While audiences at Henry IV don't quite hear the famous chimes at midnight, of which Falstaff speaks, they come awfully close: the production begins most evenings at 7 PM and doesn't let out until just before 11 PM. Considering that the adaptation telescopes two three-hour dramas, however, the running time is relatively brief.
The works focuses on the familial, royal and political conflicts surrounding Henry Bolingbroke, the king, who usurped the crown from Richard II (all detailed in Shakespeare's Richard II). Prince Hal, the king's son, is a callow youth who hangs out with a group of jolly reprobates led by Falstaff, a corpulent, cowardly, but quick-witted and endearing lush. All the while, however, Hal privately vows to himself that he will one day mend his ways and assume the throne.
Meanwhile, that throne is beset upon from all sides. The woebegone Henry IV, trying to defuse the hot-blooded Henry Percy—son of the Earl of Northumberland, and known as Hotspur—instead inspires a rebellion led by Hotspur and including his father the Earl; his uncle, the vain and ambitious Thomas Percy, Earl of Worcester; as well as the Welsh warrior Owen Glendower and the Scottish Earl of Douglas. The ensuing conflict calls Hal to his senses and an unwilling Falstaff to arms. Hal and his father reconcile, and the conflict eventually leads to a battle to the death between Hal and Hotspur. At the same time, Hal must resolve the battle for his affections, choosing between his real father and the surrogate one he has found in Falstaff.
The action takes place on scenic designer Ralph Funicello's set of rough-hewn lumber, constructed as a series of platforms, stairways, posts and beams. Lighting designer Brian MacDevitt carves up the playing space in pools and squares of light. The dark-hued costumes by Jess Goldstein are largely time appropriate.
Kevin Kline plays Falstaff, his latest sally into the world of Shakespeare, and a ripely comic role that stage actors often use to crown their careers. Michael Hayden is his princely pal, Hal, heir to the British throne currently held by a shaky and worried Henry IV, played by Easton, who won a Tony for The Invention of Love. Hayden replaced Billy Crudup as Prince Hal during rehearsals. Crudup left for what was described as "personal reasons." Hayden had what remains his most notable role at Lincoln Center—Billy Bigelow in Carousel. He recently acted on Broadway in Enchanted April.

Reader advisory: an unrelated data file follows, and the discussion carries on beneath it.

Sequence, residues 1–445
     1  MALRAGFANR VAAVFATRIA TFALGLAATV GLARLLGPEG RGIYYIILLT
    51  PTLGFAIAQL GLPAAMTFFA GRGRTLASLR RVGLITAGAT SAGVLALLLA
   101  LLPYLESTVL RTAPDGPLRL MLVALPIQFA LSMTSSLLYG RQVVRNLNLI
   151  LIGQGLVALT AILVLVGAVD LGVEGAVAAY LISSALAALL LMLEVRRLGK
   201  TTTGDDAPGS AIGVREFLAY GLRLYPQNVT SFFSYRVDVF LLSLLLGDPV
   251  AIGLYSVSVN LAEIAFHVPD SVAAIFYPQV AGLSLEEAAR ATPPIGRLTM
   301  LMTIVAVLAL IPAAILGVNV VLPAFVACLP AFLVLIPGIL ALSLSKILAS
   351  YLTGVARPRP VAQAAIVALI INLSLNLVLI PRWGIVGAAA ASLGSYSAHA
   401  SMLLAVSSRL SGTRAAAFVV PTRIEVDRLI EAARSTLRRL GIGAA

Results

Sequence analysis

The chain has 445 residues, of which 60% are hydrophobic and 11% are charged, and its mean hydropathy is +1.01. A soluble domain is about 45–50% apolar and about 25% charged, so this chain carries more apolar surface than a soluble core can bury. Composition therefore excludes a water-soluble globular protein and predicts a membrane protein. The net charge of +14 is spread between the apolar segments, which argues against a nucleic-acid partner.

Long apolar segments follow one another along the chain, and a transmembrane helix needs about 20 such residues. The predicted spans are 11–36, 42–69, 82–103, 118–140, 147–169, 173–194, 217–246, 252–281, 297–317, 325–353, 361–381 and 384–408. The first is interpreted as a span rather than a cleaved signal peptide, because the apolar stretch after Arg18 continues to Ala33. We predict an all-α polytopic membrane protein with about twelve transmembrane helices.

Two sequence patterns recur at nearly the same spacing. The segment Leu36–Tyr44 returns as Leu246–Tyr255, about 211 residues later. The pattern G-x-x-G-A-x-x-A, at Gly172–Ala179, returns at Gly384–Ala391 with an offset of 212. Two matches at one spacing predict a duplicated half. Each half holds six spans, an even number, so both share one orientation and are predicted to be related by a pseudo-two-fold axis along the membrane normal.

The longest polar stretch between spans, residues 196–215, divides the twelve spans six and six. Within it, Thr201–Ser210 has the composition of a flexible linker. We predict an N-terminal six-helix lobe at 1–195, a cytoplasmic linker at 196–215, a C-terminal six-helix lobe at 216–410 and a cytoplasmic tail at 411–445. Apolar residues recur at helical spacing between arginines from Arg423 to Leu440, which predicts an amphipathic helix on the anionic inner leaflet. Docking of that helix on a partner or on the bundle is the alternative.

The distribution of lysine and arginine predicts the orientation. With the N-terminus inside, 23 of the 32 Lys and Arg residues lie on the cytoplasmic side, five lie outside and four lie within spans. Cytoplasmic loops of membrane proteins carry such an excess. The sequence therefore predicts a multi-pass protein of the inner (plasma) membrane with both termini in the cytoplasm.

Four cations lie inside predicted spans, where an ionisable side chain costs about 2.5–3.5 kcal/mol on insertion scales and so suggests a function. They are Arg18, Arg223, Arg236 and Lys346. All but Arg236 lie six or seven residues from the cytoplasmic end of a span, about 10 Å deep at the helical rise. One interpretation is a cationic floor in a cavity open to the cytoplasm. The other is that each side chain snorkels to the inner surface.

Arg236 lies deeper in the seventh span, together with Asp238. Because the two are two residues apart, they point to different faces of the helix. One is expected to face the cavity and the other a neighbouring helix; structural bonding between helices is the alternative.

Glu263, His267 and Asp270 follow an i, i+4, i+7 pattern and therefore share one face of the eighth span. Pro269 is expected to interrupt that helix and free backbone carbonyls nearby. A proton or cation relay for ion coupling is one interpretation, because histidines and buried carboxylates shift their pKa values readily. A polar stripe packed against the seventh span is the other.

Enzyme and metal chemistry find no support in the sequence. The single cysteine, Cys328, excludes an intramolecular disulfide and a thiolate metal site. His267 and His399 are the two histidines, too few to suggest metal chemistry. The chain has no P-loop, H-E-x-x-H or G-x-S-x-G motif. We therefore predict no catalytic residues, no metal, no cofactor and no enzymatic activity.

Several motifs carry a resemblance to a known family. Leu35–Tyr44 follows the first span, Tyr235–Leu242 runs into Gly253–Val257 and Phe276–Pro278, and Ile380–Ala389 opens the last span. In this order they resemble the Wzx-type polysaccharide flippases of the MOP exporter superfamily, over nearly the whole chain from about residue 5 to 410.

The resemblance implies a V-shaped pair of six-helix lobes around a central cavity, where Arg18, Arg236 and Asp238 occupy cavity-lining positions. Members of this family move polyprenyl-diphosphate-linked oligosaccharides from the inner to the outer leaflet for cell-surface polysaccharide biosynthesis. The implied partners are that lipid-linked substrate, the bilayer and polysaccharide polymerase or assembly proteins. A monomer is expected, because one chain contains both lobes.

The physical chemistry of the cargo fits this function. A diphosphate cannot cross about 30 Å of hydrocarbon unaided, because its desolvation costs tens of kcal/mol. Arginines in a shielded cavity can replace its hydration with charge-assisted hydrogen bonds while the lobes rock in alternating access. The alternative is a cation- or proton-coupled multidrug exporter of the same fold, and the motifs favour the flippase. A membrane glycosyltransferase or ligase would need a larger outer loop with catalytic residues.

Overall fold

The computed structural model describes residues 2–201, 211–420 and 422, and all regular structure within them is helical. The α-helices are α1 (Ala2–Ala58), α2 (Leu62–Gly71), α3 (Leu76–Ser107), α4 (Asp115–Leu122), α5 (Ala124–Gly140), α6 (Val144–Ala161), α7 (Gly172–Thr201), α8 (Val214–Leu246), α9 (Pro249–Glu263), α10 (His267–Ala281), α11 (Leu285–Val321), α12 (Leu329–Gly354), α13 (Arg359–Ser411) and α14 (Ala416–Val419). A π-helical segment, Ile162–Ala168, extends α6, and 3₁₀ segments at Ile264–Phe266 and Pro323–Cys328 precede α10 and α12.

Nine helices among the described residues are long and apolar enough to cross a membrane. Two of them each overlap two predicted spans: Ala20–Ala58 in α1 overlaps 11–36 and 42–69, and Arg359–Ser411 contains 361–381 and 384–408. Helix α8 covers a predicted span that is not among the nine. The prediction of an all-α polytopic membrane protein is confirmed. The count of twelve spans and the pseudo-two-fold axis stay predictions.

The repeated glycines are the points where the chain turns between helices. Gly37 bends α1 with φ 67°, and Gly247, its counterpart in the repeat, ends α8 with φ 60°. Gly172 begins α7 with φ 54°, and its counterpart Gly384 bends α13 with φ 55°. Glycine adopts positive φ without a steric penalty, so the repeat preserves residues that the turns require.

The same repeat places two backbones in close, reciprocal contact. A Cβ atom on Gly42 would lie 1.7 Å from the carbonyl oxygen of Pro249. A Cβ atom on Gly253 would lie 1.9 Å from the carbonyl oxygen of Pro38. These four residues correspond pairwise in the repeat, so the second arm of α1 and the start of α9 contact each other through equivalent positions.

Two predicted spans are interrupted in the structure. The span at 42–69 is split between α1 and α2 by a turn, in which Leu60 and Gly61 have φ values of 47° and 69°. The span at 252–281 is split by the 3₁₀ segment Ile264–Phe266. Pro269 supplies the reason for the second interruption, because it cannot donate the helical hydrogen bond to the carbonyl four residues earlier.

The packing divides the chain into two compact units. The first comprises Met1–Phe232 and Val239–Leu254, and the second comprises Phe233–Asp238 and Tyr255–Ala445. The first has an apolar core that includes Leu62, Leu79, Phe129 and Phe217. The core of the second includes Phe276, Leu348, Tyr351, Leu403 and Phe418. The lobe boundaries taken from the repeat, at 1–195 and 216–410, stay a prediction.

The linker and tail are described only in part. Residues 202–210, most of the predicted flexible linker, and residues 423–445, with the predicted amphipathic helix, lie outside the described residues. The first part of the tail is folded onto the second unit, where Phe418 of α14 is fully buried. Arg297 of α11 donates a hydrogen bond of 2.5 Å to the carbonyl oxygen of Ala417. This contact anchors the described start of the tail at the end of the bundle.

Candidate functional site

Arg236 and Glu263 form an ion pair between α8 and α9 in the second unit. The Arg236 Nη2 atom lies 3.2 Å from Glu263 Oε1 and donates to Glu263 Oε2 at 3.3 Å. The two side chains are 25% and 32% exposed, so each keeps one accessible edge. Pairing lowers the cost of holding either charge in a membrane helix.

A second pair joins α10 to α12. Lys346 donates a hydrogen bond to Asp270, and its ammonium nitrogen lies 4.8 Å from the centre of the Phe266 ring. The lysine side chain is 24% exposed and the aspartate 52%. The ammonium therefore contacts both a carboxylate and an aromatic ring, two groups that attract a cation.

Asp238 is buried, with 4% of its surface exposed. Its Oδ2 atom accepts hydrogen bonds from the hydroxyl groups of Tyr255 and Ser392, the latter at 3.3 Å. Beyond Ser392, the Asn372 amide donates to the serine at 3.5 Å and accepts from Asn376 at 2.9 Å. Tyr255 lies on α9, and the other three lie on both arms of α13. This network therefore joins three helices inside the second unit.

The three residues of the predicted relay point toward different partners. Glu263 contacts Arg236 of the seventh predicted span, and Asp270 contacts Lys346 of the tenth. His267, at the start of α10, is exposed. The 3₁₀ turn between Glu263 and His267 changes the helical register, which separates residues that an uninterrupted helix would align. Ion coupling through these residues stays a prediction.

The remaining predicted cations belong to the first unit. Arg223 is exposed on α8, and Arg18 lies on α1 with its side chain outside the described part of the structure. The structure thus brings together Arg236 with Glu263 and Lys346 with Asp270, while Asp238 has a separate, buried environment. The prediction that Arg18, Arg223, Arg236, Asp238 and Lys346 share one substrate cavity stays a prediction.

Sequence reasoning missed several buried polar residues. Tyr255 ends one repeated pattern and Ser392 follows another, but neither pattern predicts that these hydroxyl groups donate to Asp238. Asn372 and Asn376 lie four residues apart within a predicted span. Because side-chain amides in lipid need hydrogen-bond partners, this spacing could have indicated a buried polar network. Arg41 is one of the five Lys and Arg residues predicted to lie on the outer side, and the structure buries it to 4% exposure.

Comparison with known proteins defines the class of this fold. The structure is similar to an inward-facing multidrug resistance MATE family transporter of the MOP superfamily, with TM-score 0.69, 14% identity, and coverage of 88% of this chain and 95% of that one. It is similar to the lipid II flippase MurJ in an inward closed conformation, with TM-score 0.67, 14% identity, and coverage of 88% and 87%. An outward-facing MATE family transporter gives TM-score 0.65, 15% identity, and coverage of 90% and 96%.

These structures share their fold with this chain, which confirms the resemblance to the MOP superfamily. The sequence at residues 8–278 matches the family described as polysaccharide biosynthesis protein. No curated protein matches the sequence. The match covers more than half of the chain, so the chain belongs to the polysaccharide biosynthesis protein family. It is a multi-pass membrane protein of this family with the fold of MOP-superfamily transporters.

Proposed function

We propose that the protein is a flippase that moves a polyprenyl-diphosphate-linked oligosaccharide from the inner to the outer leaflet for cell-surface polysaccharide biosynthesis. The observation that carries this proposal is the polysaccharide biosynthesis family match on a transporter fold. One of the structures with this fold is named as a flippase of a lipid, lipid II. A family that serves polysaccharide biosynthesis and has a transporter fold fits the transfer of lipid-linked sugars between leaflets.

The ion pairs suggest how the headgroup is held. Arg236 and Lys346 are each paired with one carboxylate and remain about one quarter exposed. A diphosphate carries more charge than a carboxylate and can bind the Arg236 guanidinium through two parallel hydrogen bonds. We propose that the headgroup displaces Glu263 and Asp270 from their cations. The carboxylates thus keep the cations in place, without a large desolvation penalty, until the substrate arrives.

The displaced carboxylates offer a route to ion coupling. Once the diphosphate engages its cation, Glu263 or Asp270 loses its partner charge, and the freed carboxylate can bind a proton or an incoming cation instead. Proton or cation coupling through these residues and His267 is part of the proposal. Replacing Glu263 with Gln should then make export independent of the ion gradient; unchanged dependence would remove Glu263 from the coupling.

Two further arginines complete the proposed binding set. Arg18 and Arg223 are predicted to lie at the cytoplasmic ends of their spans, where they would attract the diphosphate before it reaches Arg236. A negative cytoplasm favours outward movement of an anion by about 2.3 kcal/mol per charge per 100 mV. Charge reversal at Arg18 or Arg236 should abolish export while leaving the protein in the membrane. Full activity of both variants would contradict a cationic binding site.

Jennings, a castmate of Hayden in Carousel (as was McDonald), is the conniving Earl of Worcester. Hawke is Hal's hot-tempered and peremptory rival, Hotspur. Terry Beaver plays Hotspur’s father, the Earl of Northumberland. Hotspur's allies include the plays' adapter, Dakin Matthews as the vainglorious Glendower, C.J Wilson as warlike Douglas, Peter Jay Fernandez in the role of the doubting Sir Richard Vernon and Scott Ferrera as the vindictive Mortimer, whose banishment sparks the rebellion.
As for the women, Dana Ivey stars as both Mistress Quickly and Lady Northumberland, and Audra McDonald is Lady Percy, a role with only a few scenes. Henry IV is McDonald's first major non-musical play on the New York stage since Terrence McNally's Master Class, for which she won a Tony Award (and she did sing within that play's master class conceit), and her first important stab at the classics.
Falstaff's cronies include Steve Rankin (as Poins), David Manis (Pistol), Ty Jones (Nym), Stephen DeRosa (Bardolph), Genevieve Elam (Doll Tearsheet), Tom Bloom (Justice Silent) and LCT regular Jeff Weiss, in the choice buffoon role of the foolish and boasting Justice Shallow.
The cast of 33 is completed by Tyrees Allen, Anastasia Barzee, Christine Marie Brown, Stevie Ray Dallimore, Albert Jones, Aaron Krohn, Jed Orlemann, Lorenzo Pisoni, Steve Rankin, Lucas Caleb Rooney, Daniel Stewart Sherman, Corey Stoll, Baylen Thomas, Nance Williamson and Richard Ziman.
O'Brien has directed such recent and disparate successes as The Invention of Love, The Full Monty and Hairspray.
For the record books, Henry IV happens to be Lincoln Center Theater's 100th production.
Broadway hasn't seen either of the Henry IV plays since 1946, when Ralph Richardon played Falstaff and Laurence Olivier as Hotspur at the New Century Theatre for eight performances. In 1939, Margaret Webster directed a version featuring Maurice Evans as Sir John and Edmund O'Brien as Prince Hall.
Henry IV was performed in 1767 at the John Street Theatre, the first important theatre to serve New York City. David Douglas, who built the edifice, played Falstaff.